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    Quote Originally Posted by katarine View Post
    yep. Pay money to go on a 6 mile trail ride and be judged on your ability to back a horse between two trees.
    This sounds precisely commensurate with my ability! If it also involves stepping over a log, where do I sign up?
    Dreadful Acres: the chronicle of my extraordinary unsuitability to country life


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  19. #39
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    I am still planning to take part in a trail trial- but at least I have a better idea what to expect. I think it is sad that "trail" events always seem geared to the QH western folk. When I show in trail classes it is harder for me to get a QH stride out of my 16.1 TB (but we do it and have placed well). A QH will naturally do the canter stride but it takes more advanced training for a TB to collect that much. Seems to me that folks riding english (or with an elastic girth) should not have to do a girth/cinch check. Also I think it would be nice if jumping an obstacle were not penalized so long as the obstacle is safely navigated. And I cannot get how getting off your horses back riding up a hill would be penalized- it seems to me this is just good horsemanship. And if they are so concerned about safety, helmets should be mandatory. Harrumph!!!!



  20. #40
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    Well, jumping classes favor the TB with its long stride, I've seen short strided QH's trying to make the distances. It's just picking the right horse for sport and vice versa.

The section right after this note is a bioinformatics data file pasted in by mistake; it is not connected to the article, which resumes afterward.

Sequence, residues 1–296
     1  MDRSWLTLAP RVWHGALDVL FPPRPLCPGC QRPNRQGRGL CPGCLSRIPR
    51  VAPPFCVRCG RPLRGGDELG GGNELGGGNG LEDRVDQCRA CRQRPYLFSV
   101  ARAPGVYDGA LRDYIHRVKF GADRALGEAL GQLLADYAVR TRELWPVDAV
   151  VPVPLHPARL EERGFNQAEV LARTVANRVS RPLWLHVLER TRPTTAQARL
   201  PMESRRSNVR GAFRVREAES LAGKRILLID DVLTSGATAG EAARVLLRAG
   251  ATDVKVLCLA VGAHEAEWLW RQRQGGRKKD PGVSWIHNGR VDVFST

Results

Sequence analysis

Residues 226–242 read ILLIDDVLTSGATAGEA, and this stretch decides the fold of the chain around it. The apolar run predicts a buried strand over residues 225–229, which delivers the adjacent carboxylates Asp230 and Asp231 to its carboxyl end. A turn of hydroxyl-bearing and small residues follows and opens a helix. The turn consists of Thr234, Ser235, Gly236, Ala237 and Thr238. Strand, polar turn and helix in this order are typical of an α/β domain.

This is an odd thread, I'm not sure what people are getting upset about. TT's are for dead-head horses. That's what some people like to ride. Aside from the helmet not being required, the rules aren't "bad" or dangerous. There are other trail competitions for livelier horses, and that's fine. Something for everyone!

    Go ahead and try the TT. They're not expensive and it's generally a nice trail ride. When I've done them it seems like most people are there to have a good time and are not seriously competing.

    Quote Originally Posted by Mukluk View Post
    I am still planning to take part in a trail trial- but at least I have a better idea what to expect. I think it is sad that "trail" events always seem geared to the QH western folk. When I show in trail classes it is harder for me to get a QH stride out of my 16.1 TB (but we do it and have placed well). A QH will naturally do the canter stride but it takes more advanced training for a TB to collect that much. Seems to me that folks riding english (or with an elastic girth) should not have to do a girth/cinch check. Also I think it would be nice if jumping an obstacle were not penalized so long as the obstacle is safely navigated. And I cannot get how getting off your horses back riding up a hill would be penalized- it seems to me this is just good horsemanship. And if they are so concerned about safety, helmets should be mandatory. Harrumph!!!!